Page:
Getting out of the hole the BoE has put us in

Claude Paquin's picture

If the school board is short of money today, it’s because of the hole it created for itself, and for the taxpayers, when it decided in the fall of 2000 to issue school bonds repayable in nine years.

The school system’s latest financial statements show that in each of the fiscal years ending June 30, 2009 and 2010, the system must repay $20.7 million toward its bonds, but in 2011 it must repay $12.7 million, which is $8 million less.

With about 33,000 families in Fayette contributing two-thirds of the tax — businesses and cars provide the other third — that could be viewed as a decrease of $160 per household, starting with the property taxes due in the fall of 2010.

That means pain in the fall of 2008 (which it is too late to do anything about), and pain in the fall of 2009, with substantial relief in sight in the fall of 2010.

There’s even more good news, in a way, because the next year only $11.4 million needs to be repaid. That’s an extra $1.3 million tax decrease in the fall of 2011, on top of the previous $8 million decrease in the fall of 2010.

The bond payments (and taxes) keep going down even further after that.

Had the school board borrowed sensibly after the 2000 vote, the annual bond payments could have been halved, and so too could the school bond property tax. Instead of facing a millage of 4.17 in 2008 (about $417 for a $250,000 house), taxpayers would face half that. (A mill is a tax of $1 per $1000 of assessed value, and the assessed value is 40 percent of the fair market value established by the board of tax assessors.)

An excessive bond repayment forces the school board to become tighter with money for normal operations, because the board knows there’s a limit to what people can pay. If a desirable cap on total school tax is 23 mills, then using up 4.2 for school bonds leaves only 18.8 for school operations.

For the fall of 2008, this year, regardless of whether or not they vote for the SPLOST on Nov. 4, the Fayette taxpayers are stuck with the $20.7 million bond repayment and the 4.17 millage. The sales tax revenue from a SPLOST won’t bring a refund.

For the fall of 2009, there’s another $20.7 million to pay, but that becomes a one-time event as the bond repayments go down rapidly after that.

For the fall of 2010 when there’s $12.7 million to repay, a bond millage of no more than 2.50 should be required, instead of the 4.17 in 2008.

For the fall of 2011, we are looking at a millage under 2.30.

SPLOST or no SPLOST, there is property tax relief coming our way on the school bonds. The actual millages are likely to be even less than I show, as the tax digest is likely to grow.

The Constitution of the state of Georgia currently places a limit of 20 mills on the tax our school board can impose for school maintenance and operations. That’s separate from the school bond tax.

For 2008, the school board established a rate of 19.75, leaving itself a bit of room still. For five years in a row, between 1995 and 1999, Fayette taxpayers paid at a rate of 19.84. So we’ve seen worse.

Note, incidentally, that the wording of Article 8, Section 6, Paragraph 2 of the Georgia Constitution indicates that the 20-mill limit could be raised if the school board wanted it and if Fayette County voters agreed.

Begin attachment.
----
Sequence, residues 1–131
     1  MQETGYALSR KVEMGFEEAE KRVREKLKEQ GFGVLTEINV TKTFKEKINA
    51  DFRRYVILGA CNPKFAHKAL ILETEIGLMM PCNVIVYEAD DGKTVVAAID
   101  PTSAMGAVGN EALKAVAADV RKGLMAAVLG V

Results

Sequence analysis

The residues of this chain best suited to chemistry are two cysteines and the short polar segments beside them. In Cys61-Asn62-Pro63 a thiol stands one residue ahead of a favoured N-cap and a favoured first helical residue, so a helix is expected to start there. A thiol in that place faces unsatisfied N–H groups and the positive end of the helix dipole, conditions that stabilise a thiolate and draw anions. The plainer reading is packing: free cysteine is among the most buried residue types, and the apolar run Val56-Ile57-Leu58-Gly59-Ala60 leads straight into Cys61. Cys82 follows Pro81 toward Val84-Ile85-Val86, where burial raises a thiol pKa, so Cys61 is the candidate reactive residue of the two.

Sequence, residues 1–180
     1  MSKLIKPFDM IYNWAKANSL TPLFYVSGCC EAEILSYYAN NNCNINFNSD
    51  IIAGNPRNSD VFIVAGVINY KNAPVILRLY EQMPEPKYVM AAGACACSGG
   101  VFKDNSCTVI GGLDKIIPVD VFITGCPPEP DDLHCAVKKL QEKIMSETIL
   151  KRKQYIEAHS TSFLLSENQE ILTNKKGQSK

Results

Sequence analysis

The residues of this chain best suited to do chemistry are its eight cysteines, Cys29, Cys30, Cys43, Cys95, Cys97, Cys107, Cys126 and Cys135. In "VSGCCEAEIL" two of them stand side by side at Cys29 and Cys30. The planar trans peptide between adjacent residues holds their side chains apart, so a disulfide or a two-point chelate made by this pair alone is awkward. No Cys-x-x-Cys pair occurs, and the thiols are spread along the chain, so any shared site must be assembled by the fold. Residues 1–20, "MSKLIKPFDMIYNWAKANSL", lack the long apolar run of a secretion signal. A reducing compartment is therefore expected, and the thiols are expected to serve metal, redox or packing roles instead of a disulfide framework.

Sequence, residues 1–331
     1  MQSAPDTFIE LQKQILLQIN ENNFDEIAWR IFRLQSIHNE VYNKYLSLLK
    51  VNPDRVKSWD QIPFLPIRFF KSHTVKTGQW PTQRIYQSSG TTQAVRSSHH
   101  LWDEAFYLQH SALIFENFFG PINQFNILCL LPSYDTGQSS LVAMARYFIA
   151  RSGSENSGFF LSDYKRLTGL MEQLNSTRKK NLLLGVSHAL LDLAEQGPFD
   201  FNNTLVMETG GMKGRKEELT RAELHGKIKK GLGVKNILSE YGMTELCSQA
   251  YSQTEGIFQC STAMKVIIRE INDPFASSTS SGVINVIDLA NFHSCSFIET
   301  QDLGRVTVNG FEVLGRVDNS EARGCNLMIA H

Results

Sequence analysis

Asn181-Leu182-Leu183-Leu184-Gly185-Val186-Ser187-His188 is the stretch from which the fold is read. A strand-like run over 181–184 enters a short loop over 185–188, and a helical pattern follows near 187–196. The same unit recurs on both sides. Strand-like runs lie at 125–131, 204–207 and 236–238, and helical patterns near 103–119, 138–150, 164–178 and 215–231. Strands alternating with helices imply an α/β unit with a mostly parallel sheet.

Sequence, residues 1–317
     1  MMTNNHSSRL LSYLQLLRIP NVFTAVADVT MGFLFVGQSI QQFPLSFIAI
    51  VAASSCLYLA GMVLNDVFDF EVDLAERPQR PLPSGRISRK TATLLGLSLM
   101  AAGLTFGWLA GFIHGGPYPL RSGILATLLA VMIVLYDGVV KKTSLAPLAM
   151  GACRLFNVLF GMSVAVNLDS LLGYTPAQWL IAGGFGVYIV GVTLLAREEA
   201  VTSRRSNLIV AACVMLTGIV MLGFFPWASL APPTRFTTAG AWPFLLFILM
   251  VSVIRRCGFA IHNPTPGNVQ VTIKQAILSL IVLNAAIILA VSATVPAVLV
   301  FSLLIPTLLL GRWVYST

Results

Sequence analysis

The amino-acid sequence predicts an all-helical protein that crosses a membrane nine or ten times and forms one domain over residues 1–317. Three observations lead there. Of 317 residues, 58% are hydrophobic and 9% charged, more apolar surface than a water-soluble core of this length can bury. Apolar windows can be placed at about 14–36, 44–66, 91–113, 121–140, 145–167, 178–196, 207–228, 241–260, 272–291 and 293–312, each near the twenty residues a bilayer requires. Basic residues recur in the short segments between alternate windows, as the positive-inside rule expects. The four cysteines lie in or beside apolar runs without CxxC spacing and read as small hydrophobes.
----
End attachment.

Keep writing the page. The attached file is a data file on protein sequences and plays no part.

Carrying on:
The total school millage for 2008 is set at 23.92. For five years in a row, from 1994 to 1998, the total school millage rate was higher than that, reaching a high of 25.43 in 1995. This shows that the older taxpayers in Fayette County made more of a sacrifice than is called for today.

Debt that becomes burdensome can be restructured. It’s done all the time. The reason school debt may have become burdensome in Fayette County is shameful. The school board was financially uneducated, unreasonable and stubborn. It saddled the unsuspecting and trusting taxpayers of the county with excessive payments, and we are now reaping the consequences as times have become more difficult.

Interestingly enough, by the time of the 2004 bond vote the school board had rid itself of its interest-averse comptroller and found a financial adviser who seems to have provided it with sound advice and a decent, even creative, repayment schedule. That might be the person to talk to about debt restructuring.

In 2000, I had warned the superintendent that the 9-year bond repayment schedule would cause problems in the likely event the school board found it necessary to try to finance more new schools five years or so down the road.

When it came time to ask the public for more money to build schools in 2004, the school system’s new financial adviser found a way to issue bonds with interest payments delayed for at least four years, and that saved the day. It may have cost us in ways we don’t yet know, and the interest-phobic on the school board may have swallowed hard. With the county asking for a road SPLOST, they didn’t dare ask for a school SPLOST.

As there now remains only one more painful fall to go, in 2009, the expense of debt restructuring may not be worth the effort. It’s mostly the 2009 bond tax of $20.7 million that needs to be trimmed down, and it should be possible to find a simple method to do it. Where there’s a will, there’s usually a way.

Rushing headlong and at the last minute into a SPLOST vote this fall, with no meaningful public input, is just like the disreputable school board of 2000. Yet, the taxpayers are often forgiving, and their reaction will be interesting.

Next week, we’ll consider what the school board wants you to know about SPLOST, and some things it does not want you to know.

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